Black-bellied Bustard (Lissotis melanogaster
aka Black-bellied Korhaan Appearance
The Black-bellied Bustard is a very large, 25" (63cm) bird, although small by Bustard standards. It has a long neck and legs, which trail behind when flying. It is a dark buff colour on top, with black and brown diamonds on its back and rump. The tail is the same colouring, but barred. As its name suggests, it has a black belly, extending as a thin line, bordered by white, up the neck, to the throat. The head is also buff-coloured, but with a darker buff cap, with white lores. Two black lines (post-ocular) join a black crest at the nape of its neck. It has dull yellow legs.
The female lacks any black on the head, neck or belly and is similar to Hartlaub's Bustard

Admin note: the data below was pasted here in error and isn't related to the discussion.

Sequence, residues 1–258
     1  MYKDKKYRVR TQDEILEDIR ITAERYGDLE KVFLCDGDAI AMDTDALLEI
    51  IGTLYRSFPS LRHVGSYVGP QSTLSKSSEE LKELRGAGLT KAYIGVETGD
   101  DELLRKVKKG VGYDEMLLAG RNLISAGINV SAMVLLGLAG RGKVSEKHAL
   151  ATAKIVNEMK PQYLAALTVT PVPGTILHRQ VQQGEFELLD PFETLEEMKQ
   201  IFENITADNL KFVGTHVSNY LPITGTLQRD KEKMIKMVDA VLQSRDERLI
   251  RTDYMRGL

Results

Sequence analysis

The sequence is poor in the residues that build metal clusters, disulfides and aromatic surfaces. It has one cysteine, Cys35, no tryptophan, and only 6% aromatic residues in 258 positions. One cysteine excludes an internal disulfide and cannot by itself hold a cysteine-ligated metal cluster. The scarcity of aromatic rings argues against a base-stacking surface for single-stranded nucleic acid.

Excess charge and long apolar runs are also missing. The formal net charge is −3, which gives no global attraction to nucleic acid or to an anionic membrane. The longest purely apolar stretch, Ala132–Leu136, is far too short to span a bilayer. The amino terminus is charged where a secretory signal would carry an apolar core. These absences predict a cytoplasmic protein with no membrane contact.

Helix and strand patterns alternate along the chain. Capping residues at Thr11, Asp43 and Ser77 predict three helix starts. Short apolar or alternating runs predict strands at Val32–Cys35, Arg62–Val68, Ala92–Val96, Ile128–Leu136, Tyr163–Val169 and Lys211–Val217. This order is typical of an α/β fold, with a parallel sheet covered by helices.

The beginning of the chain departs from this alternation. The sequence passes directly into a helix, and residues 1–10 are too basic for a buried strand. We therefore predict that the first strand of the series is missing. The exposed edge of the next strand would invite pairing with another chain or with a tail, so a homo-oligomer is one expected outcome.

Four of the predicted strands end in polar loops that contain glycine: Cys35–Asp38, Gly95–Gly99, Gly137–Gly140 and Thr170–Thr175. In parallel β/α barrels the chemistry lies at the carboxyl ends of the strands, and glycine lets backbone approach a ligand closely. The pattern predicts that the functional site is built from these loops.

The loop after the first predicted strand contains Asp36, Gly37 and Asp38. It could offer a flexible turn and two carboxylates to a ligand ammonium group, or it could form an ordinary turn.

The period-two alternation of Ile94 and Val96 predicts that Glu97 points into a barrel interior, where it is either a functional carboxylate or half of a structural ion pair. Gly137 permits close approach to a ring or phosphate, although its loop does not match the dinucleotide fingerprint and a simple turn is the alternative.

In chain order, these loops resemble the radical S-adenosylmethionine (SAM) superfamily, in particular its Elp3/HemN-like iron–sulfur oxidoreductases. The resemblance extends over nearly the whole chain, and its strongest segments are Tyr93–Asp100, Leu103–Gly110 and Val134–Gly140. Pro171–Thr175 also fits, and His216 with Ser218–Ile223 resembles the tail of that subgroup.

The Black-belled Bustard is a very shy bird, found in pairs, or family groups. It crouches down, rather than running, after being approached. Eventually, it will hide in grass, or fly. They are powerful fliers, although they never fly very high and are by nature, terrestrial birds. Diet
The Black-bellied Bustard is an omnivore. It eats grasshoppers, beetles, caterpillars and small vertebrates, but will also eat fruits, seeds and leaves. Resident
Black-bellied Bustards are very common in Masai Mara region and other highland areas. Can be seen in West half of Kenya. It is found in woodland and tall open grassland, preferring areas of higher rainfall. Extra Facts
During the breeding season (March - May), Black-bellied Bustard males perform an unusual display, usually from high ground. Standing with their necks raised, they then throw their heads back, making a "zaark
" call, followed by a belch "poop
". Flights, by the males, around their territories, are also a spectacle.
The female Black-bellied Bustard solely sits on the 'nest', which is a scraped out hollow in the ground. Photographs
Photographed in Masai Mara & Olare Orok Conservancy.